The Training of MY Service Dog

People always ask me how long it took to train my service dog. Before answering that question I always be sure to let them know that I was NOT the one to train him. Freedom Service Dogs (FSD) did all the hard work to get him ready for me and I am always sure to tell people that first.

Training of a service dog is tricky, how long it takes depends on the dog (their learning ability) and the person (the tasks required). From my understanding, FSD adopted my dog from New Mexico when he was about 8 months old. He was the only dog for one trainer so she worked with him every day, 5 days a week. He then went home with his foster mom on the weekends who reinforced his tasks before going back to work the next Monday.

Training requires consistency, really exciting treats and minimal distraction when learning a new task. Once the task is understood through action and command, distractions can be brought in to ensure commands can be followed under different circumstances.

My service dog came ready with a lot of commands, easy as sit or as complicated as helping me off of the floor. People are most excited when he picks his leash up off the floor and brings it to me, every dog should come with that one it’s very handy.

He practices all of his tasks every few weeks if they are not ones I use daily or frequently to make sure he practices them. He also has to learn one new task a year. This keeps him busy, learning and not bored. The new task he learns can be a useful command or a fun one, as long as it is something new.

I am the one that teaches him the new commands each year so it helps us both, connecting and using our brains. The first year I taught him “kisses” because his foster mom, whom I am now friends with, said he never gave kisses. I started teaching him this by using his “touch” command and touching my cheek so he would touch his nose to my cheek. Sometimes he still only gives kisses with his nose instead of a lick but I respect that, I would not want to be forced to give a kiss every time someone told me to. Once he touched his nose to my cheek I would press the button on the clicker and give him a treat. Once he had that down then I used the command “kisses” while pointing to my cheek and repeating that with the clicker and treats. Eventually the command alone was all that was needed and he knew what to do.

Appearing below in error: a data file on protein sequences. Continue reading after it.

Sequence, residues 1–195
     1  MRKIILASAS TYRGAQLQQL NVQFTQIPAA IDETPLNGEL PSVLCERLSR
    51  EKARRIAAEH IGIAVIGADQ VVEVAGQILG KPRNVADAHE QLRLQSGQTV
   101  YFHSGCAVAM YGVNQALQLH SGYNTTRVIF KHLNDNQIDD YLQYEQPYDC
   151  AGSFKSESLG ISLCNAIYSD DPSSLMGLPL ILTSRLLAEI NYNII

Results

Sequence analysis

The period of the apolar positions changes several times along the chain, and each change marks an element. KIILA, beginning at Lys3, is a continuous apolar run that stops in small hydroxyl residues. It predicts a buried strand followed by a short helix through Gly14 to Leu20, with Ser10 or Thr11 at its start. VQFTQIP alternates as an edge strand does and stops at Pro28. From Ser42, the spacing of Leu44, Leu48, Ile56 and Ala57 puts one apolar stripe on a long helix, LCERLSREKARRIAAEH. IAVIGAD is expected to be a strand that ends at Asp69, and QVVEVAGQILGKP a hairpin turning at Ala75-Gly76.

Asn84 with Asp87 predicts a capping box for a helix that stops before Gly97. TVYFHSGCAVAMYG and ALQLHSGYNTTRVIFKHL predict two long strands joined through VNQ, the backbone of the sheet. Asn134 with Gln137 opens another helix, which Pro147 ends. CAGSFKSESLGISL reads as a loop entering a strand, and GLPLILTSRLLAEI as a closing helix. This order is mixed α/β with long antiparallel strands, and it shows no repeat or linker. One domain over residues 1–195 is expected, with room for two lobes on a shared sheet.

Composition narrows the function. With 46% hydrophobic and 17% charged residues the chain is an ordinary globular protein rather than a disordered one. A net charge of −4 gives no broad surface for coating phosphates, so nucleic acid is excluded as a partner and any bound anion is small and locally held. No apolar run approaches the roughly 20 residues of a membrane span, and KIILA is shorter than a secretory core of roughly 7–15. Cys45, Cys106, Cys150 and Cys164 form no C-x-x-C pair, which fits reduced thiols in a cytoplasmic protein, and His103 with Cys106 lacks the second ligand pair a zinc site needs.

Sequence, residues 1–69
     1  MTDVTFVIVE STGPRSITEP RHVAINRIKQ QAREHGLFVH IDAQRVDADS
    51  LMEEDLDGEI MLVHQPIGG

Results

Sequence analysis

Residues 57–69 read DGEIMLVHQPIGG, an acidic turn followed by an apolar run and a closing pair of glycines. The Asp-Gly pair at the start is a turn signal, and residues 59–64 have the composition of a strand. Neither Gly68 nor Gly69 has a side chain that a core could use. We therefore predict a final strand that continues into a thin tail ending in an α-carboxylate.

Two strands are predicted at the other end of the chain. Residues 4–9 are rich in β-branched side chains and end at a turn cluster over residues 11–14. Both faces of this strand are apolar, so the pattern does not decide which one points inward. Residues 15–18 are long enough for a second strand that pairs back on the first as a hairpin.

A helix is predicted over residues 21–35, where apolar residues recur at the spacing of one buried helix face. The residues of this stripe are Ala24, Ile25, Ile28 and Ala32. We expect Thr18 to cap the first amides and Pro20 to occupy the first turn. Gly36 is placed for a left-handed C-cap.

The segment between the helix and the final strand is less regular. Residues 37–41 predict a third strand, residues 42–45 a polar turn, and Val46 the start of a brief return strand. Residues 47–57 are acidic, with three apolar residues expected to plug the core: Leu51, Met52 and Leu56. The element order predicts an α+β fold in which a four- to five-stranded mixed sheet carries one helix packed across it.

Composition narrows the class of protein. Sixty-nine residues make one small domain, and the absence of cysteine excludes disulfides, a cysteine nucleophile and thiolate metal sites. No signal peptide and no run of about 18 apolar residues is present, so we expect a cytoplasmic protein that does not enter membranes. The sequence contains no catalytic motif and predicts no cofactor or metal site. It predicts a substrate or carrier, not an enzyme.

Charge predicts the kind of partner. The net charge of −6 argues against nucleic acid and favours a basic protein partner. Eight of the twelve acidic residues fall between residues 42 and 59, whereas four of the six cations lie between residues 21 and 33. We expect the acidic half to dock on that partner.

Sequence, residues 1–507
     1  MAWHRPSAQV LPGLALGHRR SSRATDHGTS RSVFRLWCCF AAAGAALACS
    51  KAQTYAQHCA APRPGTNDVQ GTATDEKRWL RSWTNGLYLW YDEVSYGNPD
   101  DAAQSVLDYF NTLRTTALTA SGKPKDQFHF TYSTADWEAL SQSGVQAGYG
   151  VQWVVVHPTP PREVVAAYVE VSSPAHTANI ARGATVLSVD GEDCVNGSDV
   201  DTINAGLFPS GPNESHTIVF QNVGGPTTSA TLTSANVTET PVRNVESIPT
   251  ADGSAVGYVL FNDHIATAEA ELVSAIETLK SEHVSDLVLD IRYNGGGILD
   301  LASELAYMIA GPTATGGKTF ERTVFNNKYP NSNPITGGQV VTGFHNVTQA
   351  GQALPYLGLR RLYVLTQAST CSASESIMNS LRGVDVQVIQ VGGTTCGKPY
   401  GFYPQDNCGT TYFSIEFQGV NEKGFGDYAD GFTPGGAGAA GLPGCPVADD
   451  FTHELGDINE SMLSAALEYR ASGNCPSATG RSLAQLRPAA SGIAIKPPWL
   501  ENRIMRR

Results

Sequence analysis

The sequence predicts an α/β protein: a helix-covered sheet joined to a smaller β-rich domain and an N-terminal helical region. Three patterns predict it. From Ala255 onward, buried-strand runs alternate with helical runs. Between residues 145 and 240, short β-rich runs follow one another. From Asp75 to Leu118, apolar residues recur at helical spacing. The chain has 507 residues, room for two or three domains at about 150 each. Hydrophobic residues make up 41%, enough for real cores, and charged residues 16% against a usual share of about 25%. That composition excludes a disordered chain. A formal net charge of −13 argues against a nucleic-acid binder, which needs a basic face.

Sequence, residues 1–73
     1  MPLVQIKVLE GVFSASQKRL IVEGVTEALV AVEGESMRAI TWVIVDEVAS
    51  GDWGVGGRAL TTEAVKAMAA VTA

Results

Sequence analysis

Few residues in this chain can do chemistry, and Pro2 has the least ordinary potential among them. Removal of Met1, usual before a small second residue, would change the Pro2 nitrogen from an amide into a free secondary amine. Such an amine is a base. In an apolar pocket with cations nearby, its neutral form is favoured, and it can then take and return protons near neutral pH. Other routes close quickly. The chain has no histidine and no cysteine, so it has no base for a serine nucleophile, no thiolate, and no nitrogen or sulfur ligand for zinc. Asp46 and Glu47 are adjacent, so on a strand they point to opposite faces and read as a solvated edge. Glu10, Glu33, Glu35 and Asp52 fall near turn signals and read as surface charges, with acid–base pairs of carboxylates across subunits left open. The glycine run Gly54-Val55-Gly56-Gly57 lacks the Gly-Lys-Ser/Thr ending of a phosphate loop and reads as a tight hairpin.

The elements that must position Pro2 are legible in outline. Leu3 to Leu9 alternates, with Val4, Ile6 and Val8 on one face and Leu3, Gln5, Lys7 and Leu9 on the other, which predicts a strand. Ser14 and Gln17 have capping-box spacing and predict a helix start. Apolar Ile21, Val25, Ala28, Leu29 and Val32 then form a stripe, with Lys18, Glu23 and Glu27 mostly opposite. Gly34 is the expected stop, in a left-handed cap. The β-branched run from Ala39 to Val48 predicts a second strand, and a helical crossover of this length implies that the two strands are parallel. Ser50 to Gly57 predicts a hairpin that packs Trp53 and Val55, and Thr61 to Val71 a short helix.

Some tasks are a bit more complicated to teach, for me anyhow. “Scooch” was something we say when we want him to move his butt a little but not actually get up and move his whole body (this is mostly used at bedtime because he sleeps next to me in case I need him). Since I am frequently asked if he can shake that was the task he learned this year. For us it was putting his paw in my palm, saying the command and pressing the clicker, followed by a treat. Eventually we both figured it out. He likes the easy tasks because it’s a quick way to get a treat.

For more complicated things, like some PTSD tasks, we get to work with a trainer at FSD who helps walk us through what it looks like. At the start, she took Oak and was working with him so I could just see, she was less stressed out about the situation then I was so he was able to focus completely on her. Since I live locally to Freedom it makes it really easy for me to get the extra help I need when it. (I am not getting anything from FSD for writing this blog.) I love Freedom Service Dogs, what they do and their ability and desire to help the service dog/client teams to succeed in life. They are amazing and I can never say enough good things about them.

Motherhood, Multiple Sclerosis and Isolation

Isolation is an unpleasant feeling and I think perhaps a bit shameful. At least I feel shamed when I’m feeling isolated.

I have friends, I have a solid group of mom friends in addition to non-mom friends. So why do I feel isolated when my husband works late almost every night during his first week at his new job? In part he’s late because he’s getting to know co-workers so he has to stay to finish work. I’m not angry at him for it, I’m actually happy for him. Finding people to connect with in a new environment is hard, it gets harder with age.

Perhaps I’m a bit frustrated at handling everything at home and dealing with sibling fights, homework, dinners, Cub scouts and all the other shit that I normally have a partner for so I’m not out numbered. So I feel bad and a bit ashamed of myself for getting upset that I’m here, parenting alone with no energy.